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  29. Carnapian frameworks.Gabriel L. Broughton - 2021 - Synthese 199 (1-2):4097-4126.
    Carnap’s seminal ‘Empiricism, Semantics and Ontology’ makes important use of the notion of a framework and the related distinction between internal and external questions. But what exactly is a framework? And what role does the internal/external distinction play in Carnap’s metaontology? In an influential series of papers, Matti Eklund has recently defended a bracingly straightforward interpretation: A Carnapian framework, Eklund says, is just a natural language. To ask an internal question, then, is just to ask a question in, say, English. (...)
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  30. Ways of being have no way of being useful.Wouter Adriaan Cohen - 2021 - Thought: A Journal of Philosophy 10 (4):293-301.
    I critically discuss two kinds of argument in favour of ontological pluralism and argue that they fail to show that ways of being are explanatorily fruitful.
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  31. Scientific Pluralism.Ludwig David & Ruphy Stéphanie - 2021 - Stanford Encyclopedia of Philosophy.
  32. Different Samenesses: Essays on Non-Standard Views of Identity.Eric de Araujo - 2021 - Dissertation, The Ohio State University
    Few views are as widely held as the Standard View of Identity. Here I am concerned with minority views that depart from the standard account. First, I attempt to illuminate such views and the debates concerning them by identifying the principles of identity at issue, articulating some of the assumptions underlying the debates, and presenting some of the evidence used against the Standard View of Identity. Second, I enter two of these debates myself. I first defend two Non-Standard Views of (...)
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  33. Aristotle on Ontological Pluralism.Mohammad Hossein Esfandiari, Morteza Hajhosseini & Seyyed Mohammad Ali Hodjati - 2021 - Philosophical Investigations 15 (36):287-306.
    Aristotle has repeatedly stated in his works that 'being has several senses'. Is this to be regarded as his pluralistic ontology, an approach that seems to be too nascent? If so, how can this newfound approach in ontology be linked to the ideas of the father of this science, i.e. Aristotle? These are the questions that the present article seeks to answer. First, we will show that Aristotle thinks of 'being' in four senses. Then, step by step he proceeds to (...)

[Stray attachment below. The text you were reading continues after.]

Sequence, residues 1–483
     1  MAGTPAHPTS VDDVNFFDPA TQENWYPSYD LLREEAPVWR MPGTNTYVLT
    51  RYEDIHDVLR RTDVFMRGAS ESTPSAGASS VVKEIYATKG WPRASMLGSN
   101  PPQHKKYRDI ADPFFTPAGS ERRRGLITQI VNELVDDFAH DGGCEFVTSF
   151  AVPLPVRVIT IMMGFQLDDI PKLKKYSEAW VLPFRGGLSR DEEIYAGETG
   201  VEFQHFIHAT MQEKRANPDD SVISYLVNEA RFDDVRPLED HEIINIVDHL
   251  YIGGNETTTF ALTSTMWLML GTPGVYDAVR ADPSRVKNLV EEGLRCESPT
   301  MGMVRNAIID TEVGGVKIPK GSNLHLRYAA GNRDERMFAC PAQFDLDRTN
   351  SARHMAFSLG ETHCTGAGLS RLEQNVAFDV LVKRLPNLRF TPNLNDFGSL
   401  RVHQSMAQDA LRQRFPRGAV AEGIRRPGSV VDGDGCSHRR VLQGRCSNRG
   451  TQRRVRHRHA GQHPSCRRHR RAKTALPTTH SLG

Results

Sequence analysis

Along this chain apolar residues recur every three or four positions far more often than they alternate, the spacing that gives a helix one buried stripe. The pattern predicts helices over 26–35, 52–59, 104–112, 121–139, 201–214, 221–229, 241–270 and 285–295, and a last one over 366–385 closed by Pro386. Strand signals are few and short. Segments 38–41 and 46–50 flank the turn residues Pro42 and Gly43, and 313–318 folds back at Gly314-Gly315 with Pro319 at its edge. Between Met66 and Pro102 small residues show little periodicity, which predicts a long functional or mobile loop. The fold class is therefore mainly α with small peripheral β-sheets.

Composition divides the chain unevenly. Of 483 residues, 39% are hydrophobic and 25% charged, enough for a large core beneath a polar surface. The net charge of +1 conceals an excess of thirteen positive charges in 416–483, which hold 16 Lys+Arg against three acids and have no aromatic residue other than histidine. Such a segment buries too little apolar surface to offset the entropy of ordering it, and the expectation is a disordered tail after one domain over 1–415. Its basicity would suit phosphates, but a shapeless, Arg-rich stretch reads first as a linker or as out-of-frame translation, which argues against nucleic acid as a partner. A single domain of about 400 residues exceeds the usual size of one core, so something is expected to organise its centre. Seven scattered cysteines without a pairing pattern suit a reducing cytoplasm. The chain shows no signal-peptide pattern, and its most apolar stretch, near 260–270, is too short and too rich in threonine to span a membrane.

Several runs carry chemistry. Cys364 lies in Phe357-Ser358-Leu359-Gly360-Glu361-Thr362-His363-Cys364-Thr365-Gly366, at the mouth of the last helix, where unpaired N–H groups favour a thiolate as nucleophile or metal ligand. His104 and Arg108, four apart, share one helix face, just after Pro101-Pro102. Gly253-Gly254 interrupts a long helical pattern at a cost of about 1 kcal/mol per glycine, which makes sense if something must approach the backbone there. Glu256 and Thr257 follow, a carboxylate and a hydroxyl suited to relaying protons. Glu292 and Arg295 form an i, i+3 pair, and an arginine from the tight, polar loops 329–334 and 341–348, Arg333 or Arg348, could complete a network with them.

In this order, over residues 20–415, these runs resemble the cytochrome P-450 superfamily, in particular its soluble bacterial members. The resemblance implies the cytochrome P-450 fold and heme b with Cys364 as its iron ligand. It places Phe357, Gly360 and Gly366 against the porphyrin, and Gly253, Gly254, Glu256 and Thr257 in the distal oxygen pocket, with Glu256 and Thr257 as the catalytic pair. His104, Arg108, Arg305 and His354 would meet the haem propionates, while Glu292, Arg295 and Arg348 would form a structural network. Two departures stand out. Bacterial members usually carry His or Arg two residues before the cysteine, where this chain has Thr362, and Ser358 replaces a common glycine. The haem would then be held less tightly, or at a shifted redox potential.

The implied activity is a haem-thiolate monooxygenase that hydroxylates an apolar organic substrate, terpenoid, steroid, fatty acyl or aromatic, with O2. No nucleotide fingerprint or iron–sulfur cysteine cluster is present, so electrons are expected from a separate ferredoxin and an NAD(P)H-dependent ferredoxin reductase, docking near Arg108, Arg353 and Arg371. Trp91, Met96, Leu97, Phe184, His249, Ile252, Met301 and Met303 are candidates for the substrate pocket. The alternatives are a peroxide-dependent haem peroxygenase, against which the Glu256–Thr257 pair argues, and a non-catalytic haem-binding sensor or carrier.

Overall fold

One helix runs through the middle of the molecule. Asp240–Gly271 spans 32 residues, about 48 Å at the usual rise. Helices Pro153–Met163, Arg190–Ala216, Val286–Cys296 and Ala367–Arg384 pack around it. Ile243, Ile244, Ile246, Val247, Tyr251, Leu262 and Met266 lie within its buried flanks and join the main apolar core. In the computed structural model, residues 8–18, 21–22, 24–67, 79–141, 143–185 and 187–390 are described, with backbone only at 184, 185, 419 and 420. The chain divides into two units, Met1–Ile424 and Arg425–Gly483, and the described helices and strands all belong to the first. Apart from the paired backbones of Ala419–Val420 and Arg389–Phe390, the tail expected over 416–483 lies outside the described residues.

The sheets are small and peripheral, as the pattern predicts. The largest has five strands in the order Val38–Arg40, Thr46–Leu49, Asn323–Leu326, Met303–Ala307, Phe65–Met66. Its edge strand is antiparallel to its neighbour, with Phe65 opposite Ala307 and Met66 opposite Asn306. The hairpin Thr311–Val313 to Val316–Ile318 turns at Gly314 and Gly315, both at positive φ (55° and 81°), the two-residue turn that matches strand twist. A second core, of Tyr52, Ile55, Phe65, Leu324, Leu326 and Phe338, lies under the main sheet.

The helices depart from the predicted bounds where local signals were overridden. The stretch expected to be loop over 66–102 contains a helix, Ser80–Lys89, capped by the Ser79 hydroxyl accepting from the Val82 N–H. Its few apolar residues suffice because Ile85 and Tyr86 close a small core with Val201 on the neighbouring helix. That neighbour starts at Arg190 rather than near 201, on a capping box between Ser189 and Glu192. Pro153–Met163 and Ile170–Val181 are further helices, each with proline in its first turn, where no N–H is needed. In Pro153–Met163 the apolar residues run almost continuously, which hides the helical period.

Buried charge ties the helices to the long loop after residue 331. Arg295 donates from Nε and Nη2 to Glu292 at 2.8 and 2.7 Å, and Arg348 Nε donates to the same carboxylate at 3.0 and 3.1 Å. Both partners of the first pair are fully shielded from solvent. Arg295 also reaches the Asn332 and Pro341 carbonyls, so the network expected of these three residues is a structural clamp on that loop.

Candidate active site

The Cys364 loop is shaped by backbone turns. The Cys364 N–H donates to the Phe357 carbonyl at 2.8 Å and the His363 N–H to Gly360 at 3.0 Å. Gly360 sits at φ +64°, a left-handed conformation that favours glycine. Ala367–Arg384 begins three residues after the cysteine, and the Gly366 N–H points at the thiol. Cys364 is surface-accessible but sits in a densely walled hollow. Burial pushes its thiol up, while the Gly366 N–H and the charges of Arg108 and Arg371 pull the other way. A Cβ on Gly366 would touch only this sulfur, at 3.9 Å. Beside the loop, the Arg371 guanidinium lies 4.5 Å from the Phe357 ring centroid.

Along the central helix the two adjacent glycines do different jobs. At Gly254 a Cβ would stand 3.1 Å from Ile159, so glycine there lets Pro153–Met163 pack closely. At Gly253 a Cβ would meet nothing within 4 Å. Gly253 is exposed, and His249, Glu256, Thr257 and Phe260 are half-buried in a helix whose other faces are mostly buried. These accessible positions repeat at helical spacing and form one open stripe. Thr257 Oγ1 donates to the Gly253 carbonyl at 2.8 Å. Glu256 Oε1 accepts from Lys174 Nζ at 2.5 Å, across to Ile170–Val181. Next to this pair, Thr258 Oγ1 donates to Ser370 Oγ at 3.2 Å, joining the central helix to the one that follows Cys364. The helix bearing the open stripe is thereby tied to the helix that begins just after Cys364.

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  34. How Ficta Depend.Michele Paolini Paoletti - 2021 - Esercizi Filosofici 16 (1):3-25.
    I shall elaborate in this article on the connection between ficta and metaontological pluralism, i.e., the view according to which there are irreducibly many dependence relations. More precisely, I shall consider the main tenets of an artifactualist theory of ficta and show how they can be expressed from the standpoint of a pluralist theory of dependence that accepts irreducibly many Respect-of-Dependence relations (in short, RD-relations). In Section 2, I shall introduce the artifactualist theory at stake and, in Section 3, I (...)
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  35. The Metaphysics of Theism: A Classical and Neo-Classical Synthesis.Joshua R. Sijuwade - 2021 - Religions 12 (11):1-29.
    This article aims to provide a metaphysical elucidation of the notion of Theism and a coherent theological synthesis of two extensions of this notion: Classical Theism and Neo-Classical Theism. A model of this notion and its extensions is formulated within the ontological pluralism framework of Kris McDaniel and Jason Turner, and the (modified) modal realism framework of David Lewis, which enables it to be explicated clearly and consistently, and two often raised objections against the elements of this notion can be (...)
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  36. Ontological Pluralism and Notational Variance.Bruno Whittle - 2021 - Oxford Studies in Metaphysics 12:58-72.
    Ontological pluralism is the view that there are different ways to exist. It is a position with deep roots in the history of philosophy, and in which there has been a recent resurgence of interest. In contemporary presentations, it is stated in terms of fundamental languages: as the view that such languages contain more than one quantifier. For example, one ranging over abstract objects, and another over concrete ones. A natural worry, however, is that the languages proposed by the pluralist (...)
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  37. Ontological Pluralism, Abhidharma Metaphysics, and the Two Truths: A Response to Kris McDaniel.Andrew Brenner - 2020 - Philosophy East and West 70 (2):543-557.